Amy and Rory feel a little ill-served by their final five, the introduction of Mark Williams as Rory’s dad detracts from their screen-time (yet he doesn’t feature in their farewell?), though the return of the Weeping Angels gives their noirish NY-set exit episode some real heft. And though I admire Jenna Coleman’s confident take on Clara, she’s a hard companion to warm to without any contrasting humanity to go with her intelligence and intensity.
The ‘Impossible Girl’ arc didn’t really tick my box and the grandiosity of Moffatt’s writing for the finale of The Name of…, The Day of… and The Time of the Doctor doesn’t really help (I was curiously unmoved by all the fan-service second time round). Still, Gatiss knocks it out of the park with the superb Ice Warrior tale Cold War and bringing mother and daughter Dame Diana Rigg and Rachael Stirling together on screen for the first time. Continue reading “Countdown to new Who: Doctor Who Series 7”
“Stop asking silly questions and eat your egg”
If I’d known more about Rebecca before I watched the 1997 television adaptation as part of my Lucy Cohu marathon, I might not have bothered. Not having seen it before or read it, I assumed that her part – the titular role no less – might have had a little more to do in the story but as the story is about the second Mrs De Winter, this wasn’t the case. At all. The first half, 90 minutes in total, featured one brief shot of her eyebrows and one of her hands. The second not much better with tantalising glimpses of parts of her face and a few snatched lines of dialogue (although Wikipedia informs me I’m lucky to even get this!)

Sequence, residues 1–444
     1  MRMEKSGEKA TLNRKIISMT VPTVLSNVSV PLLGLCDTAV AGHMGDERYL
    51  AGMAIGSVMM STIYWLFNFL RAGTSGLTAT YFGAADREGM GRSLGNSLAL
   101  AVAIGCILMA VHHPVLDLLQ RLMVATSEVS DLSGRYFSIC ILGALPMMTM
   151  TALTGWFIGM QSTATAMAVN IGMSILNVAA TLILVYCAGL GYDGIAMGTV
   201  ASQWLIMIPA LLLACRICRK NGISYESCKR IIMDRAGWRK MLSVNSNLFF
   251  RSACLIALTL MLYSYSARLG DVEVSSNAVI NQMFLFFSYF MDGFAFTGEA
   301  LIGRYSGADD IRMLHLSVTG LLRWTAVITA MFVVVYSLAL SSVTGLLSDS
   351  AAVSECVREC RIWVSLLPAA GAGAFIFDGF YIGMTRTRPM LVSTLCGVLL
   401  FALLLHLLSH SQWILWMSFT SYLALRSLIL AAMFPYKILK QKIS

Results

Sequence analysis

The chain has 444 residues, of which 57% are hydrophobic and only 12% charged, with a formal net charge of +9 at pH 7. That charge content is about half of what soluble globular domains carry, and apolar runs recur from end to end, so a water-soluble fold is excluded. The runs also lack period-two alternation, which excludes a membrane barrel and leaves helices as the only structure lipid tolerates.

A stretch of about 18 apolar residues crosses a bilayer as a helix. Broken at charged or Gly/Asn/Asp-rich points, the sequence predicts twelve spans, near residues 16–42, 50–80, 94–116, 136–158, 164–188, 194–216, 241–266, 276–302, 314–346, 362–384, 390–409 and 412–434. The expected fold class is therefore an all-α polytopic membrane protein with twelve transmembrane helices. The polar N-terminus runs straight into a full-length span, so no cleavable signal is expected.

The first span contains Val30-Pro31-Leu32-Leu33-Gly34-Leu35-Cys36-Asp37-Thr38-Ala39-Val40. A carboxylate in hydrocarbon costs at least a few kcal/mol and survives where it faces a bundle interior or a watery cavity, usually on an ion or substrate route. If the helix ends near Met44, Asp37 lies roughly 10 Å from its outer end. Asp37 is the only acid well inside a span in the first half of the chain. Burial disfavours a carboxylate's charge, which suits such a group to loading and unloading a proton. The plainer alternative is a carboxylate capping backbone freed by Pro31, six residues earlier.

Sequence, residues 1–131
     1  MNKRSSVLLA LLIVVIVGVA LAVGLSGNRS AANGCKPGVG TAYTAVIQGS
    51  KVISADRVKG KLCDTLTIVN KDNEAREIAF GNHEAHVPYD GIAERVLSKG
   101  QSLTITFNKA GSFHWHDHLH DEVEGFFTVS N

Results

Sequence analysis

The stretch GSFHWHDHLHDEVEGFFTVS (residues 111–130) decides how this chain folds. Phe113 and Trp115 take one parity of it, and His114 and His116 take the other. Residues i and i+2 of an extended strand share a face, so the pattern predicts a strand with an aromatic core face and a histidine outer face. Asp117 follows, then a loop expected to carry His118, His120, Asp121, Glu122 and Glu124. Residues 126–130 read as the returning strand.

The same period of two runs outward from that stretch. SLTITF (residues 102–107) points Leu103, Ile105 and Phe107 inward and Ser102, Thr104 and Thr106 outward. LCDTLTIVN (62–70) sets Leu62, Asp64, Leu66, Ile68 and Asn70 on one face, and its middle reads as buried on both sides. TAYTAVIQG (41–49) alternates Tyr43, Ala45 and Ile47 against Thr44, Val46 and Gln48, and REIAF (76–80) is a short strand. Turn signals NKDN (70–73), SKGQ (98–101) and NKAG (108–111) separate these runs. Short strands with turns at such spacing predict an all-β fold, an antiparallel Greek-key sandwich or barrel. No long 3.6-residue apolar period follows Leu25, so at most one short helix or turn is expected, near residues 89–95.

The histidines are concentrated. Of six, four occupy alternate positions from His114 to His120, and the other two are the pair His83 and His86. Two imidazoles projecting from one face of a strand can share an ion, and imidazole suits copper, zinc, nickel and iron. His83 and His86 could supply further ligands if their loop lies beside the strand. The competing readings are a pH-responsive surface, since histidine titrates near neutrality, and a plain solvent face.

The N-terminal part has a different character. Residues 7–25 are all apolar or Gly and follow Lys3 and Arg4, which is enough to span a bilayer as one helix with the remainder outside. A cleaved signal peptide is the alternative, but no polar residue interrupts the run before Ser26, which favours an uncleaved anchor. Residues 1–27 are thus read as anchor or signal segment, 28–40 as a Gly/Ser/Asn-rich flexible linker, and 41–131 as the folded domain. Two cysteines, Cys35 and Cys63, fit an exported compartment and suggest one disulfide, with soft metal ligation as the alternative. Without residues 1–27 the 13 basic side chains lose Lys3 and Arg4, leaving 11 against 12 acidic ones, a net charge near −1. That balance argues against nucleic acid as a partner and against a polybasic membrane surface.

Whether intentional or not, this ends up being a rather fabulously camp thing. From Faye Dunaway’s Mrs Van Hopper, hunting for gossip and celebs on the Riviera, to Jonathan Cake’s scene-chewing Jack Favell, to the utter deliciousness of Diana Rigg’s ominously looming Mrs Danvers, it’s all rather gloriously over the top. The May-to-December romance of Charles Dance and Emilia Fox is played very straight and the increasing mystery of exactly what happened to her predecessor does take hold to create a rather compelling latter third which I was entirely gripped by (if not entirely convinced – the new Mrs De Winter is VERY understanding!). Continue reading “DVD: Rebecca (1997)”
“It’s amazing what Parliament will do when they feel guilty”
Charles II: The Power and the Passion was a 2003 BBC miniseries the likes of which I doubt we’ll see again in these times of austerity as it was a sprawlingly lavish costume drama, directed by a young Joe Wright. Covering the life and reign of Charles II, it starts just before his restoration to the throne after the death of Oliver Cromwell and runs right through to his death. Thus as 27 years of history are condensed into 4 hours, liberties and dramatic license is freely taken and this isn’t really the place to be too pernickety about this kind of things.
We follow Charles from his libidinous time in exile on the continent to arriving back in London to be crowned King and to lock horns with Parliament. Charles still believed strongly in the absolute power of the monarchy but the politicians of the day were determined not to surrender any of their new-gained influence and so much struggles ensued as members of his court both grew in influence and fell from favour as everyone jockeys for power and to make sure they’re on the winning side. There is also the matter of the succession as Charles has no legitimate heir, though plenty of illegitimate offspring, and wants his brother named but he is a Catholic. Continue reading “DVD Review: Charles II The Power and the Passion”